Toward A Theology Of Guns: A Christian's Perspective, Pt. 4

Thus far in my series "Toward A Theology of Guns: A Christian's Perspective" I have dealt with three passages in the New Testament that folks often try to use to build a cumulative case to argue that it is okay for Christians to carry weapons and engage in violence.  Today, I want to continue on in the same manner and deal with the argument that since Jesus healed a centurion, he must have been okay with swords and violence.  First, however, I want to briefly summarize the previous three posts.

Post #1:  In this post I showed how fallacious interpretations of Lk 22:35-36 are often used to contend that Jesus promoted the use of swords among his followers.  I set my argument within the context of the ancient Hebrew "Two Swords Tradition," which, in Luke's account, Jesus is tactfully and purposefully subverting or overturning.  Thus, Lk 22:35-36 cannot be used to argue that Jesus was okay with violence or his followers wielding weapons.  I also showed how it is a false analogy fallacy to attempt to equate a sword with gun here.

Post #2:  In this post I argued that the theological tenet of "Incarnation" is grounded in the principle, practice, and ethos of peace and peacemaking.  I set this again within the context of the discussion of Luke's Gospel and once more spoke of Lk 22:35-36.  In the overall scheme of Luke's narrative, peace is a (if not "the") guiding theme.  In working toward a theology of guns, I showed how the incarnation resists any and all types of violent acts by those who call themselves followers of Jesus.

Post #3:  In this post I showed that the argument "Jesus was violent in the Jerusalem temple, therefore I can be violent when needed too" is terribly flawed.  I showed how the Greek text of Jn 2 (esp. Vv. 15-16) has often been mishandled to promote such views and how, actually, this narrative is not violent at all.  Instead, Jesus, simply acted like any shepherd or overseer of a herd or flock of animals would have.  In fact, he is "saving" the animals.  In this story he does not make a "whip" and he does not hit or strike humans.  I also showed here how the attempt to equate a "makeshift whip" with guns is incredibly fallacious.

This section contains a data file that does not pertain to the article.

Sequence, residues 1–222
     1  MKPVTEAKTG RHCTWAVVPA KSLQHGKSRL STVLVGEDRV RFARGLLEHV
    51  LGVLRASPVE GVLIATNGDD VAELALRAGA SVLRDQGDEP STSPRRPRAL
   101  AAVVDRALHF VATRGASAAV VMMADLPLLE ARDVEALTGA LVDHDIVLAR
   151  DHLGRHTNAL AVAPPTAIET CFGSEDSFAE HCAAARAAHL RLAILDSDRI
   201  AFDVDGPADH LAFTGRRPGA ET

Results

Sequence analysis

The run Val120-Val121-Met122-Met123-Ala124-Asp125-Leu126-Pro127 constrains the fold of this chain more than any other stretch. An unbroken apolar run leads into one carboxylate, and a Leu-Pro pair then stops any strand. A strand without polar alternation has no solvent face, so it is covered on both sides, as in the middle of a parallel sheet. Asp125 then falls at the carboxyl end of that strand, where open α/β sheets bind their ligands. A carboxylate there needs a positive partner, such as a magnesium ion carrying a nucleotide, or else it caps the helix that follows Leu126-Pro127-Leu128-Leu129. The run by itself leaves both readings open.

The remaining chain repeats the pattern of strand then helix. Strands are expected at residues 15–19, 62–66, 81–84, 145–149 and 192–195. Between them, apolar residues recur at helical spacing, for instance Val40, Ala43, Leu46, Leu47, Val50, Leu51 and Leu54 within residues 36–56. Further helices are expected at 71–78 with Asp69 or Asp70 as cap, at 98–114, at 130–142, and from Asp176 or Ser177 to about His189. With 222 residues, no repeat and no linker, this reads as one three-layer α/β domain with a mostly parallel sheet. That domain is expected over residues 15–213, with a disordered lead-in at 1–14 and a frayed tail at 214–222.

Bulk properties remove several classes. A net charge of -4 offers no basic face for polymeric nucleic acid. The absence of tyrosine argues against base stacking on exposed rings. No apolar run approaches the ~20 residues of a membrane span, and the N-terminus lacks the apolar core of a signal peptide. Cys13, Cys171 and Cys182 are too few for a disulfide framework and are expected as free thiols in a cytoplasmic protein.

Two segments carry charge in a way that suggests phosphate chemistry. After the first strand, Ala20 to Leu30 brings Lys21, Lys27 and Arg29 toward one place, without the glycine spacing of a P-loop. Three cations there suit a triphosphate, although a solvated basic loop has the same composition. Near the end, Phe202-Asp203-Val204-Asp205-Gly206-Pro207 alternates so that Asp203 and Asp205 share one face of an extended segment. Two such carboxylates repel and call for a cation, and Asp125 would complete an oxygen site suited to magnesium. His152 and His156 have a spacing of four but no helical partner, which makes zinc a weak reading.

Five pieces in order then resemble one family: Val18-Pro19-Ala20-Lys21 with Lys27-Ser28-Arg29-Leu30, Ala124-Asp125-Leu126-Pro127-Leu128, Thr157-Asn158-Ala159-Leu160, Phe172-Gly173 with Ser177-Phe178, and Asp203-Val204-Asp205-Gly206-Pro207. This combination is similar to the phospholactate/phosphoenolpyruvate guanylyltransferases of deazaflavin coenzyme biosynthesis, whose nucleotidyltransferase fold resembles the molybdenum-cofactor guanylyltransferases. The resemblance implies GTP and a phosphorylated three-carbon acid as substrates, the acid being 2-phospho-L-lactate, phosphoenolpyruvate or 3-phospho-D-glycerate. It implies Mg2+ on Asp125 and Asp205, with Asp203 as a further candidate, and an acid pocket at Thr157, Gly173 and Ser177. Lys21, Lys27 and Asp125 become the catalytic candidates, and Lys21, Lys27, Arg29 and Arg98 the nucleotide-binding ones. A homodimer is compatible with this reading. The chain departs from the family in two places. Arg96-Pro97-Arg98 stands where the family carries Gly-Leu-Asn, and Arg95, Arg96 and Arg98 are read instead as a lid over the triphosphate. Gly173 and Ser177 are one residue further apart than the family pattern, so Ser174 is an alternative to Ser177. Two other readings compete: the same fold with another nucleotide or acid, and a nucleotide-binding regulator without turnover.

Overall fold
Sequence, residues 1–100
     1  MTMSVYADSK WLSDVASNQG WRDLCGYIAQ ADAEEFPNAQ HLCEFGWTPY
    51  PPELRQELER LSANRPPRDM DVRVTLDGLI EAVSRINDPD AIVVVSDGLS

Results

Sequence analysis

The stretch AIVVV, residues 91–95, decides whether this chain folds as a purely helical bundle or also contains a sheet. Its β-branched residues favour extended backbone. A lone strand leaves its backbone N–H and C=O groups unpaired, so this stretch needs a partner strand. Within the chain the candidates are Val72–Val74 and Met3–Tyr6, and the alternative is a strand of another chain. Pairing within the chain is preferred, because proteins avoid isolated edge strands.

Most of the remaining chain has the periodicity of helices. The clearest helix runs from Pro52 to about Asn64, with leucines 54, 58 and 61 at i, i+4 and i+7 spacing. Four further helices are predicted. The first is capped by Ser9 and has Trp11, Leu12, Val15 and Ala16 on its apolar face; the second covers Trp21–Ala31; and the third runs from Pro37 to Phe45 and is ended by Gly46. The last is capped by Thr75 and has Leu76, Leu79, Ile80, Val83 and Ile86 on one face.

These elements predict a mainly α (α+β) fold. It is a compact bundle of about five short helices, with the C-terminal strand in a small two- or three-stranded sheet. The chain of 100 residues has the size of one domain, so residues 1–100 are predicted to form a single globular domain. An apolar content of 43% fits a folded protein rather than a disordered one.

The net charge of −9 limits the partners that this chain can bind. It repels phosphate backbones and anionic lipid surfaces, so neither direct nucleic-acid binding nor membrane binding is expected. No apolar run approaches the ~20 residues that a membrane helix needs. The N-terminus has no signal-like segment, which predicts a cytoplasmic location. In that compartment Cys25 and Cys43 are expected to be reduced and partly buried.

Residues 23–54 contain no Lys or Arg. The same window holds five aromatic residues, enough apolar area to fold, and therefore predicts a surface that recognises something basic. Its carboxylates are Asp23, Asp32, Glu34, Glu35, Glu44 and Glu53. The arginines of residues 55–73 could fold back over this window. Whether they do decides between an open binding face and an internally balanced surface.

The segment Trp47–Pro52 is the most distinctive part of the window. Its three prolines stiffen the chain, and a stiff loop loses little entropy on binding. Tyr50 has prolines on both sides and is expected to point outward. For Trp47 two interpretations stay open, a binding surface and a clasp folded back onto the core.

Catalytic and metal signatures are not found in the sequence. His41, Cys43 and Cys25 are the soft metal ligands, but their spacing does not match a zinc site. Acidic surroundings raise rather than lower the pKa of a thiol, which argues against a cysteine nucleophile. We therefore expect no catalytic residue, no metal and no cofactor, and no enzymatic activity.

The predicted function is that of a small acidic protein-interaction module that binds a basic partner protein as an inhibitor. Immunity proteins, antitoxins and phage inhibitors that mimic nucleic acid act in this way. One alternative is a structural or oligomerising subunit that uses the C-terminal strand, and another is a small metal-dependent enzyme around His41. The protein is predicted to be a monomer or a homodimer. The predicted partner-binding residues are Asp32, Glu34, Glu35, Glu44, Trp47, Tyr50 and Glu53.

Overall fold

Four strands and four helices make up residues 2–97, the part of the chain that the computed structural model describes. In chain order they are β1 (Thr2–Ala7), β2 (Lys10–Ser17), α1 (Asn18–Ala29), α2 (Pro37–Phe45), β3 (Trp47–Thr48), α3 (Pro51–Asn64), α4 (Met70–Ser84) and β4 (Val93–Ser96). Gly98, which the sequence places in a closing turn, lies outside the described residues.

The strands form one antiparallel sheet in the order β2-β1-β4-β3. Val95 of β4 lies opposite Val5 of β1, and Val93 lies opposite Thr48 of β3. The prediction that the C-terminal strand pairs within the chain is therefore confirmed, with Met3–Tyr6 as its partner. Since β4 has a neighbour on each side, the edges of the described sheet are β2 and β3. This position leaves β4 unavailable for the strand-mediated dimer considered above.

In today's post, I want to address the frequent appeal to Mt 8:5-13 (cf. Lk 7:2-10), the story where Jesus encounters and heals a centurion, that tries to use this passage to argue that Jesus was okay with the use of weapons and violence.  There is no need to cite the story in full here (click the references above to read them) but here's the line of thinking that is used, which I alluded to above:  

Jesus healed a centurion.
Centurions carried swords.
Therefore, Jesus must have been okay with swords.  
(Therefore, Jesus doesn't mind if I carry a gun.)

This argument is quite easy to debunk.  Let me offer a number of points.  Firstly, what we have here is the simple logical fallacy known as "Jumping to Conclusions" (some might also classify this as a "Hasty Generalization").  The problem with "Jumping to Conclusions" fallacies is that they quickly draw conclusions without taking into account easily accessible and relevant data.  An example of jumping to a conclusion would be: "She wants to adopt a baby.  Therefore, she must be infertile."  In this instance, a person has jumped to a conclusion without asking if the woman might want to adopt because she has a burden for the world orphan crisis, or if she does not want to endure the pain of child birth, or perhaps if she herself was adopted and was so moved by that experience that she wanted to do the same.  In short, the jump to a conclusion was an ignorant move because it failed to take into consideration relevant data.  The woman might not have fertility issues at all and she may have different motivations for adopting that what the person has concluded.

When it comes to the story of the centurion, nowhere in Matthew's story is it reported that the man is carrying a sword or any other weapon.  Might this be why Jesus did not say anything about the sword?  Is there any proof, after all, that centurion's simply carried swords around all the time when not in battle?  Was the centurion still "active duty"?  Did Jesus know the man was a centurion, that is, was it obvious to him?  Was it only after the story was recorded that the Gospel writer found out the man was a centurion?